Black Burda jumpsuit

Burda 107a-04-2014 front

This jumpsuit was inspired, although in the loosest possible sense, by a visit to the Alexander McQueen exhibition at the V&A earlier this year. One of the models on display was a beautiful black evening jumpsuit with an asymmetric draped lapel detail. While I couldn’t come anywhere near reproducing the inspiration, seeing it did remind me that I’d put a slightly formal jumpsuit pattern on my to-sew list a while ago and that I had some black crepe in the stash.

burda 107-04-2014 tech drawing

So this is Burda 2014-04-111 made up in black poly crepe. In recent years Burda has taken to labelling certain pattern in the magazine as ‘masterpieces’ and this is one of them. It’s not clear whether ‘masterpiece’ is meant to mean it’s difficult to sew or takes a lot of time or both. This one certainly took forever to make, but I couldn’t describe it as my best ever sewing. On the other hand it’s my first attempt at a notched collar and it came out reasonably symmetrical, so I’m delighted with that. And I made it using only Burda’s instructions. They seem to make more sense these days, or perhaps I’ve finally tuned my brain in to the less than idiomatic translation from German. It always amuses me that they say things like ‘stitch again close to seam’ instead of simply ‘understitch’.

It’s come out a bit baggier than I expected. It’s meant to be a loose-fitting style but the version on Burda’s model looks a bit sleeker than mine. Once again I think I’ve made the legs too long which contributes to the effect. I think I took most of the length I added in the legs off again before hemming, so I can safely say this one runs long. But I hate trousers that are too short; one of the reasons I started sewing my own clothes was in order to have things where the legs and sleeves are long enough. At least there’s no danger of revealing my woolly socks. Here’s me with Mrs Burda below for comparison.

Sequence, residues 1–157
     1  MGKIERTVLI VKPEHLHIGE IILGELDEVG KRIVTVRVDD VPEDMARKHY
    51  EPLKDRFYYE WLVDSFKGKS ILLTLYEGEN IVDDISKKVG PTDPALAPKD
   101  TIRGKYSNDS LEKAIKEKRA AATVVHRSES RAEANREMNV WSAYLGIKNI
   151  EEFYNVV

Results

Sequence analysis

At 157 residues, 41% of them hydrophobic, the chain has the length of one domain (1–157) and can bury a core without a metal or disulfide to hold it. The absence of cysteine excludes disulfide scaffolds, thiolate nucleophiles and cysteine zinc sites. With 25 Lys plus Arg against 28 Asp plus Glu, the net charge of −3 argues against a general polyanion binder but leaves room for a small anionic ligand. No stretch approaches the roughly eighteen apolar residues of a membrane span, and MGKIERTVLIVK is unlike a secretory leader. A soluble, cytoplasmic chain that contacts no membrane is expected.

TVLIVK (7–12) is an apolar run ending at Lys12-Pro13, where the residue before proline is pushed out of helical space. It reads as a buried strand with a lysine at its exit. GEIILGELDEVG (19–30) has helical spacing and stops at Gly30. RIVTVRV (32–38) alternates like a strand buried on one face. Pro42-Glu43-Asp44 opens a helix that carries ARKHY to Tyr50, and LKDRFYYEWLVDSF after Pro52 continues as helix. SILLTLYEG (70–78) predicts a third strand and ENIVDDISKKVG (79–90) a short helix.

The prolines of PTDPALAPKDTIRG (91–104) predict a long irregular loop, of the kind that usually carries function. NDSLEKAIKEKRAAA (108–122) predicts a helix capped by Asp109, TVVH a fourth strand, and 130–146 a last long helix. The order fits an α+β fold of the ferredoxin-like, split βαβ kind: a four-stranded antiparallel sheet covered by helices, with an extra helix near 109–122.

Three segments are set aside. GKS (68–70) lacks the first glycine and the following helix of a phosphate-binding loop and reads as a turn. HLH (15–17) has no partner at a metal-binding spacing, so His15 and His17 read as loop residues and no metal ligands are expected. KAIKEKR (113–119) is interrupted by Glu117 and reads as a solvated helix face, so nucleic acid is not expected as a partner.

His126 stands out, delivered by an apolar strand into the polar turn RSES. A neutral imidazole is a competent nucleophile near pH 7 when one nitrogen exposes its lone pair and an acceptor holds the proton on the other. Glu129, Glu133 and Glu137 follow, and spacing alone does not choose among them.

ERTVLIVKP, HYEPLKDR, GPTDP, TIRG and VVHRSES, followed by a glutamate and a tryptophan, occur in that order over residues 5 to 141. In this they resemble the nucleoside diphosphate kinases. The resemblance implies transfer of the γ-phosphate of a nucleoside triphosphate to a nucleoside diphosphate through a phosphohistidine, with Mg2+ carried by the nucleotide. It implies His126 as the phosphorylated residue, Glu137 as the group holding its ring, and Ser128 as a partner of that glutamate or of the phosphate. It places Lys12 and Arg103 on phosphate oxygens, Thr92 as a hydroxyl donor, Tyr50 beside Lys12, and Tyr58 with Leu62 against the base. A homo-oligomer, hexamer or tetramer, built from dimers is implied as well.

Burda 107A-04-2014 front full length

Burda 107A-04-2014 model photo

Her jumpsuit is a lot better pressed than mine. I had been wearing mine all day when the photos were were taken and I don’t think this crepe holds a crease all that well. I doubt I’ll bother pressing the creases back into the back legs after I wash it. They certainly don’t seem to have survived for the photos.

The pattern comes with two views, one of which doesn’t have the creases pressed in, so I may claim my version is View B whereas Mrs Burda is definitely wearing View A. The other differences between the views are that A has a modesty panel and closes with snaps instead of buttons. I skipped the modesty panel as it’s easier and safer to wear a tank top under this. I did use snaps though.

Burda 107A-04-2014 back

I’m not entirely sure what shoes go with this. It’s an evening style, but realistically the place I’m going to wear it is to work on days when I want to look a little smart. This means reasonably comfortable footwear is required. The wedges I’m wearing here are about the limit of what I can manage at work. If anyone has any better ideas than the wedges I’d like to hear them!

Utility clothing: Burda 130-09-2011

Burda 130-09-2011 front closeup

So I made a jumpsuit. This is Burda 130-09-2011, which in the magazine looked like this:

Burda 130-09-2011 magazine photo